The Alderford font has low reliefs, and is not particularly badly vandalised; ordinarily at the Reformation, faces were chopped off before the font was plastered over, and that seems to have been done in a perfunctory way here. The angels below the bowl are particularly rich, in a cornucopia of detail. Twenty years later, this would become the full flowering of the English Renaissance on the Seven Sacrament font at Walsoken; but then the Reformation snuffed that Renaissance out, at least as far as churches are concerned.

Anti-clockwise from the east, the panels here are Baptism, the Priest holding the baby and flanked by two acolytes, one holding a taper and the other a chrism chest with the holy oils, the parents standing in front; Crucifixion (NE), the odd-panel-out, but here perhaps the best panel, almost unvandalised, and John and Mary at the foot of the cross retaining colour in the drapery of their clothes; Last Rites (N), an unusually successful rendition of the dying man's bed, which always gave medieval masons problems, and the acolyte holding the chrism chest is here too; Matrimony (NW), the Priest, flanked by two acolytes, wrapping his stole around the hands of the happy couple, who have interestingly been completely effaced from the shoulders up; Ordination (W), the Bishop ordaining three Deacons, which is unusual; Confession (SW), another excellent panel, the Priest seated in a canopied chair, and angel protecting the confessee while a devil slinks away; Mass (S), the celebrant with his back to the viewer, the acolyte on one side holding a taper while the other rings a bell which swings wildly; and Confirmation (SE), less crowded than is usual in Norfolk, with just two candidates and those ubiquitous acolytes flanking the Priest behind.

Images of all of these are below; hover to read captions and click on them to see them enlarged. I have corrected the perspective of the image of Last Rites to show it as if the arcade was not there.

E: Baptism, the Priest holding the baby and flanked by two acolytes, one holding a taper and the other a chrism chest with the holy oils, the parents standing in front NE: Crucifixion, the odd-panel-out, but here perhaps the best panel, almost unvandalised, and John and Mary at the foot of the cross retaining colour in the drapery of their clothes N:Last Rites, an unusually successful rendition of the dying man's bed, which always gave medieval masons problems, and the acolyte holding the chrism chest is here too Matrimony, the Priest, flanked by two acolytes, wrapping his stole around the hands of the happy couple, who have interestingly been completely effaced from the shoulders up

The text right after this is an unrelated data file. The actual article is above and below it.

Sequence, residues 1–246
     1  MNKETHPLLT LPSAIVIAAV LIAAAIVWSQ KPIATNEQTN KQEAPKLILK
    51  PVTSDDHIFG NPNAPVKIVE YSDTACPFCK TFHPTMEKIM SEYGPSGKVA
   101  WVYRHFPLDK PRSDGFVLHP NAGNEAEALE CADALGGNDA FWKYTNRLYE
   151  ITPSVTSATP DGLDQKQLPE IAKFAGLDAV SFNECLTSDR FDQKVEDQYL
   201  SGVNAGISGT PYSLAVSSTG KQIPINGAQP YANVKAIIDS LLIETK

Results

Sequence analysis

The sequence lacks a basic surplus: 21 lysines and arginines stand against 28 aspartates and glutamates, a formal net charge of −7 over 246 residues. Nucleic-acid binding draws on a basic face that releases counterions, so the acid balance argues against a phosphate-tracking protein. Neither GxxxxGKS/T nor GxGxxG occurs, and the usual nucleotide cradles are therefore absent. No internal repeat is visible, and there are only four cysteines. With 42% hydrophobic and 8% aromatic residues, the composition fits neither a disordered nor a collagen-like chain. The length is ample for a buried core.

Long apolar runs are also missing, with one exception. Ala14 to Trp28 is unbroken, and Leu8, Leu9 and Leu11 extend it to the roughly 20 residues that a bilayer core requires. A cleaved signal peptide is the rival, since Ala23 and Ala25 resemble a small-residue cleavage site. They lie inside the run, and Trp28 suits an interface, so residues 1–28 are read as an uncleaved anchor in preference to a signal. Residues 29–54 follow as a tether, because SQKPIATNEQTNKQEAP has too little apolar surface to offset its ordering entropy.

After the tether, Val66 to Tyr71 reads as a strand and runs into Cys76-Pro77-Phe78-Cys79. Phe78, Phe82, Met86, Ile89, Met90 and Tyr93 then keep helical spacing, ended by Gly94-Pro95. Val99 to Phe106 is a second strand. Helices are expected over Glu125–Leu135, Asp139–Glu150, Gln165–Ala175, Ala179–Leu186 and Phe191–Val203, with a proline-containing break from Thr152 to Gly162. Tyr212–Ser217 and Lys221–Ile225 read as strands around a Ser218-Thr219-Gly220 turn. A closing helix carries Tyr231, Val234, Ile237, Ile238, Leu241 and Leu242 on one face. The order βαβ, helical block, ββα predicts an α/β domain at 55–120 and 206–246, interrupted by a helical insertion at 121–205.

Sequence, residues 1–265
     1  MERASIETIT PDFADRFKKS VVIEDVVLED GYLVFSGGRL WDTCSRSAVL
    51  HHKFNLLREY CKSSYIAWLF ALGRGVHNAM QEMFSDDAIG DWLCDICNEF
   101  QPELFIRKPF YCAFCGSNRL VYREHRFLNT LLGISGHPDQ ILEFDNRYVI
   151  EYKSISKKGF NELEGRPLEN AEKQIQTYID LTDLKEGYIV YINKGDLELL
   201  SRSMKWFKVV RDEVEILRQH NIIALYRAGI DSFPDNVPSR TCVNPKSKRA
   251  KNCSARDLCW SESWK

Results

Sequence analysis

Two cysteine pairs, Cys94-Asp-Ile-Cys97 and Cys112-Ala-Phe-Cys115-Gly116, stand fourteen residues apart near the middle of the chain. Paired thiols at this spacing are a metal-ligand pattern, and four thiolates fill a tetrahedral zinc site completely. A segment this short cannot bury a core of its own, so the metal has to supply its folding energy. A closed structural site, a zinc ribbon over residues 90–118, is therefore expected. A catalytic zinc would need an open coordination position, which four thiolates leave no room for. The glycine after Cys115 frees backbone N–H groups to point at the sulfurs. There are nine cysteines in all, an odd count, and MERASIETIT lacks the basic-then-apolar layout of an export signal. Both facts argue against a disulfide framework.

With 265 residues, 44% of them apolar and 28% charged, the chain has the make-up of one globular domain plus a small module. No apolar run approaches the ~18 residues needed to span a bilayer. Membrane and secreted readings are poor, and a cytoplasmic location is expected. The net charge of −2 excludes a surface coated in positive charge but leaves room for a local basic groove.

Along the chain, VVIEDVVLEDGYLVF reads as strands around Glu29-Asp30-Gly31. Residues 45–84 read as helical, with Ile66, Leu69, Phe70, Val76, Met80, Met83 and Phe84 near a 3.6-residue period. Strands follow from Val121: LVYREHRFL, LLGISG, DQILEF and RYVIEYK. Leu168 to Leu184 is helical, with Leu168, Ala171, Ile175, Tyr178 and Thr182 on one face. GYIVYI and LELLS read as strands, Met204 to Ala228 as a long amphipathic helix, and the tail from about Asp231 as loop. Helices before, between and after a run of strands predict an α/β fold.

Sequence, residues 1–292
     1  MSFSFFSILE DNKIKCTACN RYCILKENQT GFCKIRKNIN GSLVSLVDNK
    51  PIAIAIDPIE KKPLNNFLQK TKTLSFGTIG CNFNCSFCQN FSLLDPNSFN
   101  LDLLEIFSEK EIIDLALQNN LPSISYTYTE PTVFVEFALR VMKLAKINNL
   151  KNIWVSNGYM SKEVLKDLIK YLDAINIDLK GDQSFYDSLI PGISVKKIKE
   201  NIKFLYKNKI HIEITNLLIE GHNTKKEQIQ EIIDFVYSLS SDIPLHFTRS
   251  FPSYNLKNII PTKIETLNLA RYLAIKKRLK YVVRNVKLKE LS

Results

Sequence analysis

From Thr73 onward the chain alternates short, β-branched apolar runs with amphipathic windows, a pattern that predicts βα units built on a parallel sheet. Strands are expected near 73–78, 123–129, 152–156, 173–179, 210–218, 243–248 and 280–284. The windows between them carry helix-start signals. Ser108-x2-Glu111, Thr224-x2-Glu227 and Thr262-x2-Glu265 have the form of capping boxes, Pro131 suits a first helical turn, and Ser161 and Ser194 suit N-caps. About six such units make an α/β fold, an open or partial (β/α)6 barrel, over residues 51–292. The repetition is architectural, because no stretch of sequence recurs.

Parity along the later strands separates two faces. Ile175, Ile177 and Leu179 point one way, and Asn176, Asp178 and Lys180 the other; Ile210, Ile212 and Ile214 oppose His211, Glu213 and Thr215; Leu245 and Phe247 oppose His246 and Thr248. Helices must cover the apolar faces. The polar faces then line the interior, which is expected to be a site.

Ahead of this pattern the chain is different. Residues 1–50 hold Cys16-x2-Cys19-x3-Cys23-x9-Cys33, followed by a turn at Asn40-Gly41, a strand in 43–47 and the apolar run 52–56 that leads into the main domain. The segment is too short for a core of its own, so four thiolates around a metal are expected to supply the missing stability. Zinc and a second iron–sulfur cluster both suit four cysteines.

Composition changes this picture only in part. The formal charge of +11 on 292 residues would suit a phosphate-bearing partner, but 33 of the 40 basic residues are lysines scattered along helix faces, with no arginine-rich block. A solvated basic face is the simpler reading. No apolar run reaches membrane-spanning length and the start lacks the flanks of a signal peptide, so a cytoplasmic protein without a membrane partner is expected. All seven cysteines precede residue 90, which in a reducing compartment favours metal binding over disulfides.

W: Ordination, the Bishop ordaining three Deacons SW: Confession, another excellent panel, the Priest seated in a canopied chair, and angel protecting the confessee while a devil slinks away S: Mass, the celebrant with his back to the viewer, the acolyte on one side holding a taper while the other rings a bell which swings wildly SE: Confirmation, less crowded than is usual in Norfolk, with just two candidates and those ubiquitous acolytes flanking the Priest behind

The shaft of the font has little niches with Saints in, again in good condition and battered more by the hands of time than of iconoclasm. They appear to be eight Apostles; St Andrew is clearly identifiable, for example. However, one appears to wear a crown, and may be intended as Henry VI, whose cult was reaching a peak at this time. Another, which has been identified as St James from the staff in his hand and the books, appears to wear a woman's head dress - could the staff be a crozier, making this St Etheldreda?

The western side of the double pedestal is widened and raised slightly, to make a platform for the Priest. If you stand on it, you are raised quite dramatically above the benches to the east. Selwyn Tillett, the kind incumbent of this lovely group of parishes, tells me that baptising babies in this font would be a fairly hazardous operation if you didn't have a sense of balance and a firm pair of hands.

The rest of the church is plain, simple, and pleasing. the rood loft stairway remains as a dramatic punctuation along the south wall. The altar is striking, and its reredos appears to contain some old woodwork, perhaps from a rood screen. Did it come from here originally? Something that certainly did can be seen as you leave. This is the door handle boss in the middle of the ancient door. Both of them have been here longer than the font, perhaps as long as the church itself. Now, there's continuity for you.

  St James? or St Etheldreda?

Simon Knott, March 2006

   

looking east looking west altar: the reredos appears to contain medieval panels
14th century door boss

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The Norfolk Churches Site: an occasional sideways glance at the churches of Norfolk